Has Your Special Needs Child Been Denied A Sacrament?

Catholic parents of physically and intellectually disabled children often miss out on so many milestones that parents of typically developing children take for granted. Thankfully, the reception of the sacraments doesn’t need to be one of those missed moments. According to the USCCB document Guidelines For the Celebration of the Sacraments with Persons with Disabilities;

2. Catholics with disabilities have a right to participate in the sacraments as fully as other members of the local ecclesial community.3 “Sacred ministers cannot deny the sacraments to those who seek them at appropriate times, are properly disposed, and are not prohibited by law from receiving them.”4

3. Parish sacramental celebrations should be accessible to persons with disabilities and open to their full, active, and conscious participation, according to their capacity. Pastoral ministers should not presume to know the needs of persons with disabilities, but should rather—before all else—consult with them or their advocates before making determinations about the accessibility of a parish’s facilities and the availability of its programs, policies, and ministries. Full accessibility should be the goal for every parish, and these adaptations are to be an ordinary part of the liturgical life of the parish.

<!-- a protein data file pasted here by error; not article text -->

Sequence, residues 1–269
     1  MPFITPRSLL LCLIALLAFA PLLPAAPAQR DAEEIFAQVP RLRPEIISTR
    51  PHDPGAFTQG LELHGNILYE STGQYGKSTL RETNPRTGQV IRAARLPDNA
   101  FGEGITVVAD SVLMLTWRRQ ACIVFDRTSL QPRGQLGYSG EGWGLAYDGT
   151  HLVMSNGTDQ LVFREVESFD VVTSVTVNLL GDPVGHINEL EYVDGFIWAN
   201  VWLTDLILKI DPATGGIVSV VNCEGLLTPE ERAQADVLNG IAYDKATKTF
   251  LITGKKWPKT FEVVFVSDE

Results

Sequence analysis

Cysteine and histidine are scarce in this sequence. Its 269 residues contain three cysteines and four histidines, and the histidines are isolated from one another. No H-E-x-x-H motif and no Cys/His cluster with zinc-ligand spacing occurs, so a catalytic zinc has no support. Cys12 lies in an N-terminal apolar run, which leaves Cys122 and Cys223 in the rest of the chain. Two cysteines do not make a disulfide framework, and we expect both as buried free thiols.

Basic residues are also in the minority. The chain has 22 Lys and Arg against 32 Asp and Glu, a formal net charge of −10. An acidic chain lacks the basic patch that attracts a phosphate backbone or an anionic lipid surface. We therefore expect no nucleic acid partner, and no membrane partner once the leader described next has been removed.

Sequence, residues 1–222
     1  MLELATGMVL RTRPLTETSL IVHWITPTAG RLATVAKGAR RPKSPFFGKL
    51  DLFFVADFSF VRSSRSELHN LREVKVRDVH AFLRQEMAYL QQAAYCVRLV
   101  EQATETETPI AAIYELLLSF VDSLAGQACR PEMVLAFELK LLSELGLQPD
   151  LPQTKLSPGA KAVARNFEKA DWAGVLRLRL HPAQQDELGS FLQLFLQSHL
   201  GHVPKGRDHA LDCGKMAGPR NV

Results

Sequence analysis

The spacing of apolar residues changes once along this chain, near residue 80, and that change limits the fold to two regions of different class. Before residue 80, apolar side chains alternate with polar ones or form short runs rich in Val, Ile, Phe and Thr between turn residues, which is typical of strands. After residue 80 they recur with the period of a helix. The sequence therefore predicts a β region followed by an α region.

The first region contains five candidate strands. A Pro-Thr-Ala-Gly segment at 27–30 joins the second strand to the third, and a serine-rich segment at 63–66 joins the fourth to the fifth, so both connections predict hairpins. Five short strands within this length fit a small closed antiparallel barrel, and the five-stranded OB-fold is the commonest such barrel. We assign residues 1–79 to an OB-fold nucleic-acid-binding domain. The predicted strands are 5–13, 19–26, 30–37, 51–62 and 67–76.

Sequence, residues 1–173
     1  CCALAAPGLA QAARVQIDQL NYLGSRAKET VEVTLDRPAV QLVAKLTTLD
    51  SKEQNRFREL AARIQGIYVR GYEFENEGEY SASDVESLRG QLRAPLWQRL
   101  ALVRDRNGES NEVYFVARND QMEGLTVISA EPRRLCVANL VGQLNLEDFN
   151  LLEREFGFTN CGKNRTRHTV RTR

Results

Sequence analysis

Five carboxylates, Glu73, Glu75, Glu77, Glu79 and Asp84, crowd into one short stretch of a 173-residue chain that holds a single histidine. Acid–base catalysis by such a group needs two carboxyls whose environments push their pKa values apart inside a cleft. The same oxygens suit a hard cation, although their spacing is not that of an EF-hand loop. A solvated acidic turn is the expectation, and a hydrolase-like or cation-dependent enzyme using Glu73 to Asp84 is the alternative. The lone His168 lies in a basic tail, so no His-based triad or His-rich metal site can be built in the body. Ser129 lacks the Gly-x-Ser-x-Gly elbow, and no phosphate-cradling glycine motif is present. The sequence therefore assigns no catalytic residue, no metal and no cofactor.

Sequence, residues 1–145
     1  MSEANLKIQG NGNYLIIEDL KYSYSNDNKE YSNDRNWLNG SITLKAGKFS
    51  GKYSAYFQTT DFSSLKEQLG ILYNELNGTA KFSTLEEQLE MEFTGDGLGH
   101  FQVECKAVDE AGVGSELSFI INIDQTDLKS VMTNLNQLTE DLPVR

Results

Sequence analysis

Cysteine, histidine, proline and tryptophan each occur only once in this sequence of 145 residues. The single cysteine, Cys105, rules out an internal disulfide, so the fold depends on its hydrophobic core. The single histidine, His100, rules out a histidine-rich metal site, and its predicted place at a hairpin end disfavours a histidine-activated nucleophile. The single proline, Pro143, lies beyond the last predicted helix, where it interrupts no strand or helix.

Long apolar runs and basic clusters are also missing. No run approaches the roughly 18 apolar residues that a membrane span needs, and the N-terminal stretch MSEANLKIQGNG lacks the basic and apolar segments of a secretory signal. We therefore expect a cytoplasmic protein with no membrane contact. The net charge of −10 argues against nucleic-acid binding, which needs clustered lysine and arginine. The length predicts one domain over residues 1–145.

Unfortunately, many parents and parishes are uncertain how to meet their children’s unique needs in regards to religious formation. Some dioceses and parishes have wonderful adaptive catechesis programs, others places have no idea how to proceed and so children are denied the opportunity to receive their sacraments.

Thankfully, author and illustrator Michele Chronister has created two valuable books, Taking the Lift to Heaven:The Pocket Guide to Adaptive Ministry in Your Catholic Parish and the Handbook for Adaptive Catechesis; Serving Those With Special Needs, that parents and parishes can use to help formulate a plan to meet the needs of any disabled child, or adult, who wishes to receive Holy Communion, Confirmation, and grow in their faith. Chronister is a wife and mother who received her Master’s Degree in theology at the University of Notre Dame, through the ECHO program for Catechetical Leadership. During that time she interned at a parish where she developed the Children of St. Angela Merici curriculum for children and adults with disabilities.

“My philosophy for catechesis [is that] every baptized person has a right to full, rich, accessible catechesis,” she said. “Catechesis should never be dumbed down or watered down, and just because someone is not able to express their beliefs verbally does not mean that they can not have the message of the Gospel and the Catholic faith nestled in their hearts. Along with that, I wanted to make sure that all parents and catechists of individuals with disabilities knew that their loved one, by virtue of their baptism, had a right to the remaining Sacraments of Initiation, and to Confession, when that is possible.”

Read more at Accepting the Gift.

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